The proponents of differential marketing argue that if every reinsurer could set their own terms and conditions the overall price would be lower. Superficially, this argument appears attractive but the reality is that freed from the shackles of market consensus pricing, leading reinsurers will quote both terms and conditions to their liking and feel no pressure to improve their terms to match the most competitive. In such a position, the client and their broker have only one recourse available to them – that of either signing down or not taking up the shares offered by the most expensive reinsurers.
Reinsurers with higher security ratings often seek to justify their better ratings and superior expertise through higher pricing. If the client is determined to obtain the best possible price, he will often be left with lower quality security from less technically capable reinsurers.
Another of the benefits of differential marketing put forward by its supporters is that of transparency. This cannot easily be refuted, as the original client will see each reinsurers’ quotes. However, transparency is not the exclusive domain of differential marketing. Good subscription market practice requires a broker to reveal to his client all the quotes he has obtained from all the potential reinsurers he has approached. Armed with a full overview of the available terms and conditions the client and his broker can then decide the appropriate firm order terms which best meet the client’s requirements.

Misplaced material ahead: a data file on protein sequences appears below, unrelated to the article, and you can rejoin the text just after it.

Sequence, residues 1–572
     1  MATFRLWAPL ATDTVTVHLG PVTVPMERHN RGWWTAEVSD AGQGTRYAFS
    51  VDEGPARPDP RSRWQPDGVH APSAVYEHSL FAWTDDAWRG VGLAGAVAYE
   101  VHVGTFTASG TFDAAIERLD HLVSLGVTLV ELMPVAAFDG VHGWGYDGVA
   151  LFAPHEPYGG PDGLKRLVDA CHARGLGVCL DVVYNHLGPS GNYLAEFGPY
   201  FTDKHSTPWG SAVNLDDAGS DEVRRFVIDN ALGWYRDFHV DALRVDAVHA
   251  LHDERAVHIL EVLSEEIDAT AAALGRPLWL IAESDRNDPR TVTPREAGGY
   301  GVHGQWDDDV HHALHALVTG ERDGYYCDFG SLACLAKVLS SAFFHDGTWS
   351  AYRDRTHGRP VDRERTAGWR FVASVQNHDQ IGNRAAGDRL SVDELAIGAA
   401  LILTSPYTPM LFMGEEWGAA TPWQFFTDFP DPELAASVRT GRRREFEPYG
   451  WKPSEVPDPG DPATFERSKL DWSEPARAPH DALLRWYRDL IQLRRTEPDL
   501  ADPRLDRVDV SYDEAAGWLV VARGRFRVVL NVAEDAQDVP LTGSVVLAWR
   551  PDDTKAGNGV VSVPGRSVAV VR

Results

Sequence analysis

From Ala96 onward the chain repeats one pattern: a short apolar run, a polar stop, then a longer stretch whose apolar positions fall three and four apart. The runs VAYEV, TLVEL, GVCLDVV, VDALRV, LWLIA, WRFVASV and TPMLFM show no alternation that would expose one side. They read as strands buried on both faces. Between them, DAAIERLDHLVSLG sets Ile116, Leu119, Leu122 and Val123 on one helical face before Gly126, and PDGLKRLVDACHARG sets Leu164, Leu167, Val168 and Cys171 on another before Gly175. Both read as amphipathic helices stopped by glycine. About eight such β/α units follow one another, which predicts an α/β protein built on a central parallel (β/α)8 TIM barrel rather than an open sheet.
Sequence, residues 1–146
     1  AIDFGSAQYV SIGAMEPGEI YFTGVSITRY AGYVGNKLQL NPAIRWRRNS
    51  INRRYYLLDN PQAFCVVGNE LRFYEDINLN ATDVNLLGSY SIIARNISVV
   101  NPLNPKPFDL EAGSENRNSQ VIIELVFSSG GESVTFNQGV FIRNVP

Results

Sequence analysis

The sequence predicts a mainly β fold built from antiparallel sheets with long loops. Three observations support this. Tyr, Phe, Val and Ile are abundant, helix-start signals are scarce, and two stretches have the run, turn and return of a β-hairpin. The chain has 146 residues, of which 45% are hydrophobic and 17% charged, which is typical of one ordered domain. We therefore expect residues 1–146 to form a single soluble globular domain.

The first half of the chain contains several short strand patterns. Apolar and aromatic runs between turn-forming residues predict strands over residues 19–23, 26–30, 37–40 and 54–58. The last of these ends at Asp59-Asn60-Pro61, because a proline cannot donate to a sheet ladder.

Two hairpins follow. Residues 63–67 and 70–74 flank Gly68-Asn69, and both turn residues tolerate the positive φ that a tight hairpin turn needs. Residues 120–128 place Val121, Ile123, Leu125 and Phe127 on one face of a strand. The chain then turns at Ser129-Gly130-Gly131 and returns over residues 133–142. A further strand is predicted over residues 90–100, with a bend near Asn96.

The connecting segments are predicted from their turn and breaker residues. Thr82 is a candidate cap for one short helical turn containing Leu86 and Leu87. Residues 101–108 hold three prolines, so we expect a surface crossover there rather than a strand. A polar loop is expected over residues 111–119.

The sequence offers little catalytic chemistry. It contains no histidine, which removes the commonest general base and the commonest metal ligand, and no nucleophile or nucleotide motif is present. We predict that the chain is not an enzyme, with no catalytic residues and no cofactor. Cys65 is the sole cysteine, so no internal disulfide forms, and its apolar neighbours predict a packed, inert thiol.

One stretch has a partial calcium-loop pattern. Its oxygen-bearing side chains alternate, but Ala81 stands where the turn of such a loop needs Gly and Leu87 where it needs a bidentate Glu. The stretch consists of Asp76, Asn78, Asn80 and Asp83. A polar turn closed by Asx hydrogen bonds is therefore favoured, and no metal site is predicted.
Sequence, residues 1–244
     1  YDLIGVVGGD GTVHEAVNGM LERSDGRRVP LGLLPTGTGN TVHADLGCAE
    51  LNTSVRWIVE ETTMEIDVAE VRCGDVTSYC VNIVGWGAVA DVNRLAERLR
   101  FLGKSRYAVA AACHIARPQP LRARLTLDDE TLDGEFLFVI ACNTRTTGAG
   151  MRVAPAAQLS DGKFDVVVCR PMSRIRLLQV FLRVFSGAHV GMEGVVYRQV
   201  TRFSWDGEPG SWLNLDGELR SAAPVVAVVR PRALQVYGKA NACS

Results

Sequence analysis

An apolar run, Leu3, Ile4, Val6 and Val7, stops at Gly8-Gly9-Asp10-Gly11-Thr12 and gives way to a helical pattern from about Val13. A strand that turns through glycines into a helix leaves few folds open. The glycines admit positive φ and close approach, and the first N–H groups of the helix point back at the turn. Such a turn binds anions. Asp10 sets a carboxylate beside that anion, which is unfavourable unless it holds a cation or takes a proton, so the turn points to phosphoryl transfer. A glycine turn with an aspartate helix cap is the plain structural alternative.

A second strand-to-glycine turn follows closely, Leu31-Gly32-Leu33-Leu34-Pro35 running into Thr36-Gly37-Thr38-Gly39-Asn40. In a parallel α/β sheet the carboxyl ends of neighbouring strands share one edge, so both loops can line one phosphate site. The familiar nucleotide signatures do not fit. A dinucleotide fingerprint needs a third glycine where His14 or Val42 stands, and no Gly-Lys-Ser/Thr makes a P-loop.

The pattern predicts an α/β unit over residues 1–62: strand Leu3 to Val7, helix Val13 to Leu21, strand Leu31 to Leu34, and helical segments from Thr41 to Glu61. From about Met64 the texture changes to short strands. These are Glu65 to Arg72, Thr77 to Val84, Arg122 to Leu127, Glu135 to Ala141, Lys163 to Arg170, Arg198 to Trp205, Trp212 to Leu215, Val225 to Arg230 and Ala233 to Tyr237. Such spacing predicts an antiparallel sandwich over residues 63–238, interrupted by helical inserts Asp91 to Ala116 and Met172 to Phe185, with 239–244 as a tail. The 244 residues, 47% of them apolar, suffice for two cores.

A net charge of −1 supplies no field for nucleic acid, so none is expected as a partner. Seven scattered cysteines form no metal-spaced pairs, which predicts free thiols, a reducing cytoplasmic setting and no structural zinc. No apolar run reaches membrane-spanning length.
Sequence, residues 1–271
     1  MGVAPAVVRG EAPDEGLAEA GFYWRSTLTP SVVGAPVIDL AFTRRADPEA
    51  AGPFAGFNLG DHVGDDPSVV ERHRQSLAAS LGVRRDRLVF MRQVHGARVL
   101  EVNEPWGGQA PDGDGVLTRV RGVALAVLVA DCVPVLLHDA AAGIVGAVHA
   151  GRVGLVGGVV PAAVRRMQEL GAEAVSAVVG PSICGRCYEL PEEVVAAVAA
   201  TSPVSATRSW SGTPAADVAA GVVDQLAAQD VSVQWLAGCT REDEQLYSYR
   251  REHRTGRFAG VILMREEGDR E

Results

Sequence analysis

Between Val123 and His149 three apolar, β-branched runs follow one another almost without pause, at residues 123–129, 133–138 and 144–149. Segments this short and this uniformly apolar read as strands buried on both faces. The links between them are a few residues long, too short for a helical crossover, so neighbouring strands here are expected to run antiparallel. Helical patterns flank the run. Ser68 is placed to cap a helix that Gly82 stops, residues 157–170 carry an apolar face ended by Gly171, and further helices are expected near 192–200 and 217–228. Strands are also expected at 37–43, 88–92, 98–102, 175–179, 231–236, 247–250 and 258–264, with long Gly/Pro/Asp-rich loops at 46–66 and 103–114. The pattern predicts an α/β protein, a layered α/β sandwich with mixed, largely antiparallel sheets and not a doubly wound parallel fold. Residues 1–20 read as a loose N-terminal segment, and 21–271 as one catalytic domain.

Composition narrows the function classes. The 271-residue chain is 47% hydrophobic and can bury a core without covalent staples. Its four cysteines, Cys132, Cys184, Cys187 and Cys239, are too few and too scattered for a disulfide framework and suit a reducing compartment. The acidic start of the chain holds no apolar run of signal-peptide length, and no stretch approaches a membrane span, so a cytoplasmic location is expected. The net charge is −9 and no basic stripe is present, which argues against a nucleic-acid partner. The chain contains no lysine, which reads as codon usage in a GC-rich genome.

Whilst best practice requires brokers to reveal to their clients all the quotes they have received this best practice unfortunately is not universally followed. At the same time, some reinsurers have also acted against the best interest of the subscription market through the application of best terms clauses. The European Commission report has identified the use of such clauses as not being in the best interest of clients, though they have also noted that the use of these clauses is diminishing.
Finally, the challenge of administrative efficiency and claims recoveries needs to be confronted. Proponents of differential marketing propose that it applies mainly to price and the remaining terms and conditions are uniform. In reality, with increasingly complex coverage and bespoke wordings it is naïve to expect that differential placements will only apply to premiums. Allowing placements with differential conditions will result in opening Pandora’s Box when it comes to claims recoveries, with loss adjusters facing an administrative nightmare of individual negotiations with each reinsurer based on their own specific clauses.